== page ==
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Remembering Esther Nakajjigo

Essie

June 18, 2020

It is with profound sadness that we share the unexpected passing of Esther “Essie” Nakajjigo, a Drexel University Mandela Washington Fellow alumna from the 2018 cohort.

Essie was the founder of a reality television show called Saving Innocence, which sought to foster mutual understanding between young girls in urban and rural areas in Uganda and promote education and empowerment for teenage mothers. In this renowned program, young women from urban areas would visit rural areas to learn alongside girls, who, as young mothers, did not have the economic opportunities to attend school. The show was known for breaking down barriers between economic and social realities in Uganda.

Essie was also Uganda's Ambassador for Women and Girls and a member of the Women Ambassador's Forum in Dallas, Texas and a Youth Expert at the African Union-European Union Youth Cooperation Hub in Addis Ababa. Esther was also a Commonwealth Youth Trainer. In 2019, she launched the Global Girls Movement in Brussels, Belgium, where women from universities worked together to respond to the most challenging humanitarian concerns affecting the most vulnerable women and girls around the globe.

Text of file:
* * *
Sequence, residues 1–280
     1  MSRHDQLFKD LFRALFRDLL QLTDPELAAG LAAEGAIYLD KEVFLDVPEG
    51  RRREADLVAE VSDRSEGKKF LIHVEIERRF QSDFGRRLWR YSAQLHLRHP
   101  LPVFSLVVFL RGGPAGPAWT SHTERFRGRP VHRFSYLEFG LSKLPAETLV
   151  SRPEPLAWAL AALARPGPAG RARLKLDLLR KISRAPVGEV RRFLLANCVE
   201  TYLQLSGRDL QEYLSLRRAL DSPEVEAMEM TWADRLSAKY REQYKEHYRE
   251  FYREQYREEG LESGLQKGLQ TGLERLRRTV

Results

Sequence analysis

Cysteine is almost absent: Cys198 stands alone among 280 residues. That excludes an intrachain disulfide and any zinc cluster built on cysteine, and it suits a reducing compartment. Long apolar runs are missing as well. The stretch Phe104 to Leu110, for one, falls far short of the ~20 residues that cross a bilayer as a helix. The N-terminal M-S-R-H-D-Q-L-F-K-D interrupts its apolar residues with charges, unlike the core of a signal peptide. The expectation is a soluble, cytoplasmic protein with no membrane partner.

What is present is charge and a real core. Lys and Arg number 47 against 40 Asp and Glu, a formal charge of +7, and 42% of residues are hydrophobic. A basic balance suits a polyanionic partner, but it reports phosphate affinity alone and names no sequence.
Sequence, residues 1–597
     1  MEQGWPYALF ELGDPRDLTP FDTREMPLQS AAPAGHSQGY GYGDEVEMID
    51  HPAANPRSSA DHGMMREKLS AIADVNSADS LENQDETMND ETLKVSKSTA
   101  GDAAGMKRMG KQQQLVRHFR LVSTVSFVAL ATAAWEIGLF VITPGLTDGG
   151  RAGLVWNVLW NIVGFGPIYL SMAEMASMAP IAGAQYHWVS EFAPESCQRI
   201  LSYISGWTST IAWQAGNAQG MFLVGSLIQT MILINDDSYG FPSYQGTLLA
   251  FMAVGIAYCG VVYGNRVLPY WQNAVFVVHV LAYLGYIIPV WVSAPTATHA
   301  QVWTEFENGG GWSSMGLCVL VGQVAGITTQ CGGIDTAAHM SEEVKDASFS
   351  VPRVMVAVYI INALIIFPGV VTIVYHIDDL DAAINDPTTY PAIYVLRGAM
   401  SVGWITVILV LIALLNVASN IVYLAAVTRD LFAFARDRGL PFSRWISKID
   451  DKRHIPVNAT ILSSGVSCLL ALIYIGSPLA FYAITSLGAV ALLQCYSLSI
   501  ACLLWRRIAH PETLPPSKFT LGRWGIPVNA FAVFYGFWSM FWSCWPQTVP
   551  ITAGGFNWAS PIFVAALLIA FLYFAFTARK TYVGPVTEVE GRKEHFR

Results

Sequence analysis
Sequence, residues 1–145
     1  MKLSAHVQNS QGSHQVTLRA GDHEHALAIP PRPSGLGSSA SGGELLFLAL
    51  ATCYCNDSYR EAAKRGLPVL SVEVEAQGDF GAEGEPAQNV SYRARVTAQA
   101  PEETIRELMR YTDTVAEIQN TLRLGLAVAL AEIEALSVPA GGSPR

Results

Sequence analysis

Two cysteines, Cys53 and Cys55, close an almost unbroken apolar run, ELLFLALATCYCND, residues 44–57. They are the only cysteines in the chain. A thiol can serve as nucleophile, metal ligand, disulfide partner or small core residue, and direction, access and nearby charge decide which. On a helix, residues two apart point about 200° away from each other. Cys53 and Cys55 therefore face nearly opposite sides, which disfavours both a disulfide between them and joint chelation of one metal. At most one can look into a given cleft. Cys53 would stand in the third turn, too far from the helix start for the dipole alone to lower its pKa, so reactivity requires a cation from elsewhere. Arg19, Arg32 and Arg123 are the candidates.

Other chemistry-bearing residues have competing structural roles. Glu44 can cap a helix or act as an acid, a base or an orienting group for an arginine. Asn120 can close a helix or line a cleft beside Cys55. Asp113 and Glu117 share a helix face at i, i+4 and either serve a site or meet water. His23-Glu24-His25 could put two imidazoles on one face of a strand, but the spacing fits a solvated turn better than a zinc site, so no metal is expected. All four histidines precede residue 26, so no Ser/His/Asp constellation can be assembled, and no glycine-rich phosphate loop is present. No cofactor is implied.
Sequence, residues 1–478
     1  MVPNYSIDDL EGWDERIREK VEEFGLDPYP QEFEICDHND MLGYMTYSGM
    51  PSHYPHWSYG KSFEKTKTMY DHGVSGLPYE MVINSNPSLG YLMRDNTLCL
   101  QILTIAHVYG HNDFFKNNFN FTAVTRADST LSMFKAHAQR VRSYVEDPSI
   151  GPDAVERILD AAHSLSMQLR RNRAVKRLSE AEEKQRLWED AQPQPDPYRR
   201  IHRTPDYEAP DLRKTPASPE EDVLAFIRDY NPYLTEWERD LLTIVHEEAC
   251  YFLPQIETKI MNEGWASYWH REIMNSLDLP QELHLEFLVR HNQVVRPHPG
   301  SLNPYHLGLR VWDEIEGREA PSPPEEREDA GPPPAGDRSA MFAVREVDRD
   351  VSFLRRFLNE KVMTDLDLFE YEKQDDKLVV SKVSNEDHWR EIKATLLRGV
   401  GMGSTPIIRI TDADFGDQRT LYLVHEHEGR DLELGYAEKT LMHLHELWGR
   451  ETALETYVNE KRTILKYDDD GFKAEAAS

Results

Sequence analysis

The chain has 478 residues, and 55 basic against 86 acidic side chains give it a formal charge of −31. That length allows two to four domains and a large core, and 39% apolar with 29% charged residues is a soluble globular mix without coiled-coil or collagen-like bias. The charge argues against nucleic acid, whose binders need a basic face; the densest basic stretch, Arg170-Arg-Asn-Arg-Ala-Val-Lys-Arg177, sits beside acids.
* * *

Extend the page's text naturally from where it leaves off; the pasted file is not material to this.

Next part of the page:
In an interview with the Office of Global Engagement, Essie explained her interest in gender equality: “Uganda has the world's largest refugee settlement, mostly from Somalia, Congo, South Sudan. The biggest percentage of this population are women and children. They are the most vulnerable, they are unemployed, they have lost all they have. They have no idea as to why the war even broke out. They did not vote. They know nothing of the political insurgencies. Yet they are the most impacted. Why not empower university girls to do something positive in their respective countries?”

As a participant of the Mandela Washington Fellowship at Drexel, Essie was known for her warm smile, kindness, and compassion. She believed in the ability for everyone to positively impact the lives of others around them.  She brought joy and positivity to our 2018 cohort – and challenged others to demonstrate empathy and support for those impacted by trauma. She was a devoted changemaker and role model for others who fought for equity.

Our hearts and condolences go to Essie’s family during this time. She was, and will always be, a beloved member of the Drexel family.